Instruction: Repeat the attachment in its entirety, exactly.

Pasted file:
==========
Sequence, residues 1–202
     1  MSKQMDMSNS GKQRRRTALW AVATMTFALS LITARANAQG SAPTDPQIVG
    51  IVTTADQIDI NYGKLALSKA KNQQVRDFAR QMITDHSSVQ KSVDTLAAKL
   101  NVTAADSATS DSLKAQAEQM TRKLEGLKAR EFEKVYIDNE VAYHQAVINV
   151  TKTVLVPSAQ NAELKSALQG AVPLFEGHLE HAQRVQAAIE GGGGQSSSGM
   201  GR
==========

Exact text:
Sequence, residues 1–202
     1  MSKQMDMSNS GKQRRRTALW AVATMTFALS LITARANAQG SAPTDPQIVG
    51  IVTTADQIDI NYGKLALSKA KNQQVRDFAR QMITDHSSVQ KSVDTLAAKL
   101  NVTAADSATS DSLKAQAEQM TRKLEGLKAR EFEKVYIDNE VAYHQAVINV
   151  TKTVLVPSAQ NAELKSALQG AVPLFEGHLE HAQRVQAAIE GGGGQSSSGM
   201  GR